Loved ones could suffer if a sudden accident results in the unanticipated transfer of assets to a family member who does not have the deceased person’s best intentions for the estate in mind. However, proactive estate planning can ease your family’s legal and financial burdens after your passing. From new parents to great-grandparents, expressing your final wishes with a legally binding will and the help of a dedicated trusts and estates attorney is the best way to secure your estate and family’s future.
Drafting a will without counsel often results in probate disputes and invalid documents. Secure your loved one’s financial future with the help of a Houston wills lawyer at Romano & Sumner.
To prevent fraud, wills must adhere to certain legal formalities. Only members of the military, married minors, or persons over the age of 18 may execute a will under Texas Estates Code § 251.001. Failure to follow the legal requirements for drafting testamentary documents results in an invalid will.
Wills must be written, signed by the maker, and subscribed by two witnesses over the age of 14. Most importantly, wills should identify themselves as such and instruct for future, not present, distribution of assets. Testators must revoke any previously created wills in the latest document to prevent any future will contests.
Texas law will recognize handwritten (holographic) wills without witness signatures as valid, provided that the document declares testamentary intent. However, probating holographic wills often results in asset draining estate litigation. Attorneys seldom recommend relying on informally executed or handwritten wills.
Texas Estate Code § 251.002 states that persons of sound mind may use a will to distribute their possessions. Wills may direct the distribution of a single heirloom and leave the remainder of the estate to the surviving relatives. Makers may assign any or all of their owned property under a will, including:
A will does not bind the maker to its terms. Creators of estate distribution documents can still use, sell, mortgage, and gift their property at any time. Individuals may even distribute property before their death without amending their wills; although, testators should discuss estate-altering transactions with a Houston estate planning attorney before doing so.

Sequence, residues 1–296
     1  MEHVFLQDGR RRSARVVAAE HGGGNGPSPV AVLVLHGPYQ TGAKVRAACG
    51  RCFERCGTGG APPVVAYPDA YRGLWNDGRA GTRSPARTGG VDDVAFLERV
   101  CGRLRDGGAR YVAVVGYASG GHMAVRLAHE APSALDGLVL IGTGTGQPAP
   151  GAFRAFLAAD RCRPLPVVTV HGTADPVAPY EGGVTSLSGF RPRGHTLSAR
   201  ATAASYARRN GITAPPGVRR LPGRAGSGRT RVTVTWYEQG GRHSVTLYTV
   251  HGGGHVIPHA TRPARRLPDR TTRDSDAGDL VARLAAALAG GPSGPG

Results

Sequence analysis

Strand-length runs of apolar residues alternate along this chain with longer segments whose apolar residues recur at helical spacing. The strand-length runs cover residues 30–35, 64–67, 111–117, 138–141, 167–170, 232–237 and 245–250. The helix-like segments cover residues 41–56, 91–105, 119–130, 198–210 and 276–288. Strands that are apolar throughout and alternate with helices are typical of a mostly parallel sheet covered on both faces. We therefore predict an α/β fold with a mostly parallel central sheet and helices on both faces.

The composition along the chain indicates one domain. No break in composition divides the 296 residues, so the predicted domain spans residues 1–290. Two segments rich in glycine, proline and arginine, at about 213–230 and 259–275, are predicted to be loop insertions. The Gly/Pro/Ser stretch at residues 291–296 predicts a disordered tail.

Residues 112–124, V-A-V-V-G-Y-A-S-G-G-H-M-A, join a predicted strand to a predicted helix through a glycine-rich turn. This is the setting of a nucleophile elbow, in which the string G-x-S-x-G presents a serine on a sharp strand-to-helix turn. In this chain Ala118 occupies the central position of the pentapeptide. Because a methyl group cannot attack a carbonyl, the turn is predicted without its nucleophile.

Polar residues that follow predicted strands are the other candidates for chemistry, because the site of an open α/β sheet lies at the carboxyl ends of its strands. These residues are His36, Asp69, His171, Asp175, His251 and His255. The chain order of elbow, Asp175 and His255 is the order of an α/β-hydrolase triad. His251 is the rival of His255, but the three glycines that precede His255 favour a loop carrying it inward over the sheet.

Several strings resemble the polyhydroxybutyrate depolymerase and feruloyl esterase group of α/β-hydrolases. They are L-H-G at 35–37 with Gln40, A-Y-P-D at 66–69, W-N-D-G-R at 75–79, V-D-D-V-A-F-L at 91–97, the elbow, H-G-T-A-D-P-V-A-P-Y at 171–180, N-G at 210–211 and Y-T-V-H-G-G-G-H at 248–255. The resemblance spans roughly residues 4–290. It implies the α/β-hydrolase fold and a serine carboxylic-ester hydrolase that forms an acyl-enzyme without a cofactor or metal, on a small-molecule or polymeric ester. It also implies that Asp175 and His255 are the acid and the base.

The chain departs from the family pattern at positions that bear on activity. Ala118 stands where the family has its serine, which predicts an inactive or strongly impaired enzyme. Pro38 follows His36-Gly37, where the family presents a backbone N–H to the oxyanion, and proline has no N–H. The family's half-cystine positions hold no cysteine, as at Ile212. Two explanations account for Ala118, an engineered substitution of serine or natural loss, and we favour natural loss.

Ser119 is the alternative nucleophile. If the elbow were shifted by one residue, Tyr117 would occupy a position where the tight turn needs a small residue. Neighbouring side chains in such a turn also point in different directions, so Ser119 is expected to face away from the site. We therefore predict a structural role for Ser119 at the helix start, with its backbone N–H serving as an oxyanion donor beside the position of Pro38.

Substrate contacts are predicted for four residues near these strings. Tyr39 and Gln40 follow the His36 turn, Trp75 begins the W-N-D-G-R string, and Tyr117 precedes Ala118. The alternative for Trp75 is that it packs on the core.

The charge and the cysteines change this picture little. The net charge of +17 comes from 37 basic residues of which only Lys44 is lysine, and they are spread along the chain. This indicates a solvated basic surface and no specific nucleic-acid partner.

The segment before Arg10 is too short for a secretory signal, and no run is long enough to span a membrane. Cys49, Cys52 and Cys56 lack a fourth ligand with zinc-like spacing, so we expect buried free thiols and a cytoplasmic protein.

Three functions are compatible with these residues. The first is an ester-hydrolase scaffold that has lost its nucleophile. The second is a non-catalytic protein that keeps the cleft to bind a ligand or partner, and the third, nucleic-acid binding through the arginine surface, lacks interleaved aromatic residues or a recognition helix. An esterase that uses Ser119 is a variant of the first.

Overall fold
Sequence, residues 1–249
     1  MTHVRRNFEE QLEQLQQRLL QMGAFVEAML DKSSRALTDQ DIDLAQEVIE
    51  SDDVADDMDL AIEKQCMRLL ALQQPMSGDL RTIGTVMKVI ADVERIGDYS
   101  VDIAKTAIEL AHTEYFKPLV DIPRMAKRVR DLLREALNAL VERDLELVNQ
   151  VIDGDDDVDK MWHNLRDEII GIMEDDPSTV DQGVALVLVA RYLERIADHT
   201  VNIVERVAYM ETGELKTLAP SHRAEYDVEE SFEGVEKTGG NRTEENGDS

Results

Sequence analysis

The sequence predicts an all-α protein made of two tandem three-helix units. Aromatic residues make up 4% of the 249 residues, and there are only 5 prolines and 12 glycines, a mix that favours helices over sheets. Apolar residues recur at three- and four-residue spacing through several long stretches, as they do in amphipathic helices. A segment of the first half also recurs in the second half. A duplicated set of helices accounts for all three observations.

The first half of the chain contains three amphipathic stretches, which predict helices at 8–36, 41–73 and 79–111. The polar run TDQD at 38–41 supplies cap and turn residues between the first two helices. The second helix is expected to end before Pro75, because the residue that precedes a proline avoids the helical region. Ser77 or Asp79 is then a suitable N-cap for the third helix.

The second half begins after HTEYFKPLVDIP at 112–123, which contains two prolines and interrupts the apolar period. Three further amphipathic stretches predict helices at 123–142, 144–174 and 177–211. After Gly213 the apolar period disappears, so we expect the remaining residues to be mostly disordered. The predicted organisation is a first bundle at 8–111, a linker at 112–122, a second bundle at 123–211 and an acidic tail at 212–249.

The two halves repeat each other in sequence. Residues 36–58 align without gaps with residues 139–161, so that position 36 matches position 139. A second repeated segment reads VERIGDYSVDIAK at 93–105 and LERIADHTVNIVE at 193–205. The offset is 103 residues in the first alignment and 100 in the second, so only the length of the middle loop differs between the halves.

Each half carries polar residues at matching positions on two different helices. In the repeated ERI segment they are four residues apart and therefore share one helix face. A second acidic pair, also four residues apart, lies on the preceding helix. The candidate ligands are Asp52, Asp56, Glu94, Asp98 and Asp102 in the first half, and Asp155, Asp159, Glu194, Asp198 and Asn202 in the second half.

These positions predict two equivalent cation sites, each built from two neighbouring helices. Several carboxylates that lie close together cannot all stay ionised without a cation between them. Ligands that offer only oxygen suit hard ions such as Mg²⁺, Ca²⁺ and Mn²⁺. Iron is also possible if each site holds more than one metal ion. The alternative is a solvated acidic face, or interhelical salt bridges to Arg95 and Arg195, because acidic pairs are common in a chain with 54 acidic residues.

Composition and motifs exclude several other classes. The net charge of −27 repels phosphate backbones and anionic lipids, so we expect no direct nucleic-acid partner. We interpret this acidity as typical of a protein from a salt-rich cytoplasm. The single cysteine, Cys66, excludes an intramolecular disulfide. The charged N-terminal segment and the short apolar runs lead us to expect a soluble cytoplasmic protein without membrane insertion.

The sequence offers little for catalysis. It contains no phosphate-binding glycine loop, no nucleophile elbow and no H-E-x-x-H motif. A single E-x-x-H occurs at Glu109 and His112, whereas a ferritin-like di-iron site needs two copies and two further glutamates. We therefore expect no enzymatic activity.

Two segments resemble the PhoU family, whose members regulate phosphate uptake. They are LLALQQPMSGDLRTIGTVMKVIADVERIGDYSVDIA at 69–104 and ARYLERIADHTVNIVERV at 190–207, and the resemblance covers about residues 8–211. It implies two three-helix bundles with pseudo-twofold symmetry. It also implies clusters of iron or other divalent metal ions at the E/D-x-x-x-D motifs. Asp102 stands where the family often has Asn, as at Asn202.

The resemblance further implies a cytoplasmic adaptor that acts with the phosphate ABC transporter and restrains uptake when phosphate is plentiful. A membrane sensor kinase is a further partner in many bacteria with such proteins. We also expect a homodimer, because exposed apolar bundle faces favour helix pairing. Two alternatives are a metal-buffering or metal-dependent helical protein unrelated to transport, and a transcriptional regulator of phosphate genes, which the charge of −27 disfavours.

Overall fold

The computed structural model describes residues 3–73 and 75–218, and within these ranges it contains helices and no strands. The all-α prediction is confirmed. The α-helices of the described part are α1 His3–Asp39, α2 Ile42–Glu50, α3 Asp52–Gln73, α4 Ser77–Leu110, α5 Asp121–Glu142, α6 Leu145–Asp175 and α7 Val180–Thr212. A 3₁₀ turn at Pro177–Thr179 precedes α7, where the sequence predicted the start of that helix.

Properly executed wills drafted by a Romano & Sumner attorney overrides the state’s default heirship laws. Texas subscribes to a per capita distribution system, which often complicates inheritance. If a person dies without a valid or complete will, assets pass via Texas intestate succession laws, Tx. Est. Code §§ 201.001 et seq.
If a person dies without a will or living spouse, assets pass in the following order of priority:
Complications can arise when it comes time to distribute the estate of a married person who dies without a will. Spouses typically inherit one-third of any non-community property, and the remaining two-thirds go to living children. State law would split a decedent’s non-community estate equally between spouses and parents or siblings if the decedent did not have children.
Texas inheritance laws may not support your current distribution plan. Speak with a Houston wills lawyer to ensure your current estate plan meets your future desires.
Romano & Sumner’s qualified trust and estate attorneys frequently help individuals draft wills, understand state heirship laws, and design their estate to minimize financial hardships. Call today for a free consultation.
Romano & Sumner, PLLC